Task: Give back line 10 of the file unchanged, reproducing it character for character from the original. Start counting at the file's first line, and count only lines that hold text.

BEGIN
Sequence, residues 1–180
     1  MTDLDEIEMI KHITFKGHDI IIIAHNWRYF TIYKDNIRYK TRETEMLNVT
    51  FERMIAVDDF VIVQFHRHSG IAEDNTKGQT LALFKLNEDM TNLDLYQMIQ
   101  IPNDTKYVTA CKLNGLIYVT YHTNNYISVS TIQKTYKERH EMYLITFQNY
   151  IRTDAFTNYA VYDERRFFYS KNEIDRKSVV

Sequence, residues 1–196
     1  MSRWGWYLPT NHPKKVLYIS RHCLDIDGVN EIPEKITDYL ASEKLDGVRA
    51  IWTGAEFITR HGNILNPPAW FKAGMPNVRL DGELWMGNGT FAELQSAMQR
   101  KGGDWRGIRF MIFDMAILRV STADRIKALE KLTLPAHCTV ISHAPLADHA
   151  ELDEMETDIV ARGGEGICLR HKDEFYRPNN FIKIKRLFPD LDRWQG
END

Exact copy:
   151  ELDEMETDIV ARGGEGICLR HKDEFYRPNN FIKIKRLFPD LDRWQG